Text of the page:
Los Angeles Theater Review: SONDHEIM UNSCRIPTED (Impro Theatre at the Falcon Theatre in Burbank)

by Jason Rohrer on September 4, 2015

in Theater-Los Angeles

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RECREATION

My editor and I didn’t toss a coin to see who would write the review – he’s smarter than that; he wrote a very nice preview piece, the kind I find very difficult, and that was that. Neither one of us wanted to write a review because we’re out of words to describe Impro Theatre, the impossibly skilled and talented longform improvisational troupe. I’ve written about this company at least six times for Stage and Cinema alone, a few times for Bitter Lemons, once for American Theatre. I’ve written about how they’ll get you laid. I’ve written of their importance to the salvation of The Theater. I’ve written that they’ll restore your faith in humanity. I’m out of superlatives. I got nothin’. What am I gonna write now? “Go see them?” I’m done.

SondheimUnScripted05Or, I was.

This time I took a friend who had never seen them, a friend who likes musicals. I, for the most part, do not.

I find the vast majority of musicals tiresome, and not just because they’re insipid and corny. I think that for his work on Phantom, Andrew Lloyd Webber should be executed for songs against humanity. I think that the one rousing chorus of the “Marseillaise” in Casablanca contains more revolutionary spirit than all sixteen pompous hours of Les Miz. And it goes beyond subjective opinion into the realm of physical law that the 60-second number “Everyone Has AIDS” from the Rent parody in Team America: World Police is morally, intellectually, and spiritually superior to the entire smug, precious, shrink-wrapped Kleenex box that is the actual Rent.

I have observed that even in the very best musicals, the kind Fosse or Sondheim (or both) had something to do with, it is perfectly acceptable for the jokes to thud straight from the Catskills, and for the characters to come across as broad as the winks. And all but the very best musicals’ books treat the great questions of life frivolously, as a matter of course; war, love and loss, faith, death, are excuses for handsome men and shiny women with lots of hair to imitate 8th graders acting for the first time, and to sing trite lyrics in the style of white Baptist church soloists. The dancing often wakes me up; I like dancing. But I like singing, too, and I hardly ever recognize what goes on in a musical as singing, or acting, or writing. I think, in fact, that most musicals are at best idiotic and at worst, idiotic and pretentious.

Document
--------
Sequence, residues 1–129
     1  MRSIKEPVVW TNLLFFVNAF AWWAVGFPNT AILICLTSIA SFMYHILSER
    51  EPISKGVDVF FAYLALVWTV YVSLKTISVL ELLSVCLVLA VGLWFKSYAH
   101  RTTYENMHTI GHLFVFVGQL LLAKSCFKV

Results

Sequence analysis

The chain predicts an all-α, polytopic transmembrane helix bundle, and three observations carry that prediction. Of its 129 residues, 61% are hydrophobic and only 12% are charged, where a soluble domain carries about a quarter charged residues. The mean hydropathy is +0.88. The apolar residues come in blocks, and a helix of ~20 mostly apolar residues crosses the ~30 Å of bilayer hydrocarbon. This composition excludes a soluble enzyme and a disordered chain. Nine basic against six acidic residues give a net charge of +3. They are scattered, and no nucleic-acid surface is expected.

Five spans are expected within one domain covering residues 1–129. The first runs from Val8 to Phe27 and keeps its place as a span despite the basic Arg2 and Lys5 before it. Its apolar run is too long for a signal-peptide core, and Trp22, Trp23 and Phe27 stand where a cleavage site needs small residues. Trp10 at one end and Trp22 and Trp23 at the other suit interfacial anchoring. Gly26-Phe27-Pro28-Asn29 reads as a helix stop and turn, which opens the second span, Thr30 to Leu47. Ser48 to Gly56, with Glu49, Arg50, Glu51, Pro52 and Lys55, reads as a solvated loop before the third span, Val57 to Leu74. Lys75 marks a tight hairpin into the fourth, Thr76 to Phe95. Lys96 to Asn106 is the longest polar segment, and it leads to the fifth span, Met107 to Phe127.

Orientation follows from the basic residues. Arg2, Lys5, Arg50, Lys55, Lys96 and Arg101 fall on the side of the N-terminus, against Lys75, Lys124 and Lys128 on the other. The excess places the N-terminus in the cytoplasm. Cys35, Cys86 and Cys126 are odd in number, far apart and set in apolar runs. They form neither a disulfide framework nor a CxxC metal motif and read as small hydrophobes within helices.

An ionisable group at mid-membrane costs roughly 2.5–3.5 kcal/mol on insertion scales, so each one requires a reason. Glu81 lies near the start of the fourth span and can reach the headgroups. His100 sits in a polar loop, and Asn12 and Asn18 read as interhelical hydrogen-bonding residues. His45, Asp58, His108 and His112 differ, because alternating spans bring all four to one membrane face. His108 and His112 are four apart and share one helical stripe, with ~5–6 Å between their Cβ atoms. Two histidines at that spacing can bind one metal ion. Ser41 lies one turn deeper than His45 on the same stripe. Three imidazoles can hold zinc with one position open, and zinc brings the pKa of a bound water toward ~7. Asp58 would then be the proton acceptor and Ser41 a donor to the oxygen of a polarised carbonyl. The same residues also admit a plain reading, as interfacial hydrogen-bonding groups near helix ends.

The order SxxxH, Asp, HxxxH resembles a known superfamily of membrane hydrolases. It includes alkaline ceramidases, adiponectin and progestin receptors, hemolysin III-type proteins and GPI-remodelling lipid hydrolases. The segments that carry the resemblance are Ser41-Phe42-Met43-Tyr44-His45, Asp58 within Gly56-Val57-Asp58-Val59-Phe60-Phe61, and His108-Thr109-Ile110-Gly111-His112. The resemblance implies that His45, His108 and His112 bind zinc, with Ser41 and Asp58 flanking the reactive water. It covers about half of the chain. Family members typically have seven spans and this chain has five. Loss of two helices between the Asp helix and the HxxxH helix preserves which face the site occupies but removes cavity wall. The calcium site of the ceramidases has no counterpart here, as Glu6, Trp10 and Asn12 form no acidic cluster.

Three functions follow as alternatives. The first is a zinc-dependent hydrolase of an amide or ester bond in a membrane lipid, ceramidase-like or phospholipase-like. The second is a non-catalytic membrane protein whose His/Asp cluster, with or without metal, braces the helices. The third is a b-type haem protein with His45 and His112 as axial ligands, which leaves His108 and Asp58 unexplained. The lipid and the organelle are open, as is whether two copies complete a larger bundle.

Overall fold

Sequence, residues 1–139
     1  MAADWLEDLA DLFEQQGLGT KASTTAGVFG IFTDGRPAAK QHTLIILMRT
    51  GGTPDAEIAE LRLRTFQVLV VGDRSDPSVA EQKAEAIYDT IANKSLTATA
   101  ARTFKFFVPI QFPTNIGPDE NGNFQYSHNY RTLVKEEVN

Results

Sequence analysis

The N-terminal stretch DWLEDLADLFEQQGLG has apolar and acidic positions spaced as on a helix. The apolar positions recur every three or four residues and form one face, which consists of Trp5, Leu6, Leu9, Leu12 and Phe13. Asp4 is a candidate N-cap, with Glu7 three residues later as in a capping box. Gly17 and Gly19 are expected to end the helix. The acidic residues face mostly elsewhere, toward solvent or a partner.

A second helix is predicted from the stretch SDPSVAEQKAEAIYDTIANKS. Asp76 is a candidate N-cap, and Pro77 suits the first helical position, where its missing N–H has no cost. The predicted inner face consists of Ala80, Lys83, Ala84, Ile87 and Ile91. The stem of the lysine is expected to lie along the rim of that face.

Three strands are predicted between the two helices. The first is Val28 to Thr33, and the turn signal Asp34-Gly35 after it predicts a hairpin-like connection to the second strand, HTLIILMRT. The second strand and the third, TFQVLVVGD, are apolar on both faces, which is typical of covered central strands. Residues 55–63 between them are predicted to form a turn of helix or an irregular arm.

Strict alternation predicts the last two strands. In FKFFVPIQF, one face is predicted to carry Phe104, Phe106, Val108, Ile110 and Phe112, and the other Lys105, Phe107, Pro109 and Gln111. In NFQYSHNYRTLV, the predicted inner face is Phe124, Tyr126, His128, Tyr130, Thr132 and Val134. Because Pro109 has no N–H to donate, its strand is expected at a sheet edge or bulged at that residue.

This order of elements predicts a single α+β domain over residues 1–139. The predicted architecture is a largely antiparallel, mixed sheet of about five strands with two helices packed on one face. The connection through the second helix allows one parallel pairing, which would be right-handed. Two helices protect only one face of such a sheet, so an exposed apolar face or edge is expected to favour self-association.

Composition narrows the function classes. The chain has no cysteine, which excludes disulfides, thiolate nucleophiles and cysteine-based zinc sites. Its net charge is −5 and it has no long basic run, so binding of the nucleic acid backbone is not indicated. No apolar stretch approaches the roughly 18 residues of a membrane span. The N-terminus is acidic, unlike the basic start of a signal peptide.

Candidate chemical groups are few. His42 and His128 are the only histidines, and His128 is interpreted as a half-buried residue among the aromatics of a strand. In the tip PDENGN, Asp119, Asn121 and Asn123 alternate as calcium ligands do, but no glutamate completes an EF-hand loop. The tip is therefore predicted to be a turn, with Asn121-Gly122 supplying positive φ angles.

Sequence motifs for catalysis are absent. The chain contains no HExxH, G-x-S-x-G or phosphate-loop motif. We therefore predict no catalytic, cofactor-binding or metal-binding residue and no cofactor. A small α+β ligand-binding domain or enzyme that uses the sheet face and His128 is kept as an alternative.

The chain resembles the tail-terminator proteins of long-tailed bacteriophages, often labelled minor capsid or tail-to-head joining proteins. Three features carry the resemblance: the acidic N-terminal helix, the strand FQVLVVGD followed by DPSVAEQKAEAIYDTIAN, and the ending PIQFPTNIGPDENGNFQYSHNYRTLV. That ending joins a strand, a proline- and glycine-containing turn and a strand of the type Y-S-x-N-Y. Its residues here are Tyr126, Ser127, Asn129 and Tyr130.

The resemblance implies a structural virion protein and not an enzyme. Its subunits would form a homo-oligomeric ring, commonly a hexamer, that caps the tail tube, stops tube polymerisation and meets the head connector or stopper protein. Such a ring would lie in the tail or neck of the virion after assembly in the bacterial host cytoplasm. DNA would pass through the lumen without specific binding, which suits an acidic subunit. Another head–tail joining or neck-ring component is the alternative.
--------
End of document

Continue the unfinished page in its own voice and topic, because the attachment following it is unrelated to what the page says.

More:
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But the one time about a year ago that I saw Impro improvise a thing very much like a Sondheim musical, I liked it tremendously, so much so that for a moment I thought maybe I liked Sondheim. And now they were going to do it again, and I was going to take my friend.

My friend said, “If they’re going to do an authentic Sondheim show, the first act will be great and the second act will suck.”

I knew I had brought the right person.

We saw the show.

We both were delighted; watching performers of this caliber (Lisa Fredrickson, Kelly Holden-Bashar, Brian Michael Jones, Brian Lohman, Cory Rouse, Ryan Smith, Michele Spears, Floyd VanBuskirk opening night) write and perform (and play: Peter Smith improvised a stunningly Sondheimesque score) under the direction of Spears and Dan O’Connor, one is allowed disbelief but not disinterest. Your investment is mandatory.

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And yet:

A few days later, my very smart friend wrote that the show was “delightful, if frivolous.”

Frivolous, a word I use every time I describe why I don’t like musicals.

And when he wrote that, I realized that the very worst thing about musicals is that if you watch or god forbid perform in enough of them, they can blind you to the knowledge of good and evil.

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What my friend saw was a musical that, like just about every fucking musical ever fucking staged, had fine moments of acting and singing, dialogue and lyrics, music, dance and gesture, that aligned perfectly with the theme, story and plot; and some less perfectly aligned moments. What my friend saw was a musical as good as the average pretty good musical, and more, a commentary on the nature of musicals, on what makes musicals likeable and grotesque and cuddly and dumb and smart and fun.

SondheimUnScripted04What he didn’t see was the thunderbolts and lightning right before his eyes, the uber-circumstance. By creating as good a version of this art form as anyone has a right to expect under the most forgiving of circumstances, except here IN REAL TIME, LIVE, IMPROMPTU, these nine human beings proved a basic truth about the art form, and about the constructive capabilities of the modern homo sapien: in our work and in our recreation, we almost always settle for far less than we’re capable of doing, and of appreciating.

What Impro does every time I see them, whether they’re improvising in the manner of Shakespeare or Chekhov or Tennessee Williams or Stephen God’s Man on Musical Earth Sondheim. It would be the same message if they were riffing on Little Golden Books or Diff’rent Strokes: They show me that what I’m alive to do is to be as much as I can be. All it took them was a lifetime of work, and hell, I’ve got that, and so do you.

photos by Jill Mamey

Sondheim UnScripted
Impro Theatre at the Falcon Theatre
4252 Riverside Dr. in Burbank
Wed-Sat at 8; Sun at 4
ends on September 27, 2015
for tickets, call 818-955-8101 or visit www.falcontheatre.com
for more info, visit www.improtheatre.com

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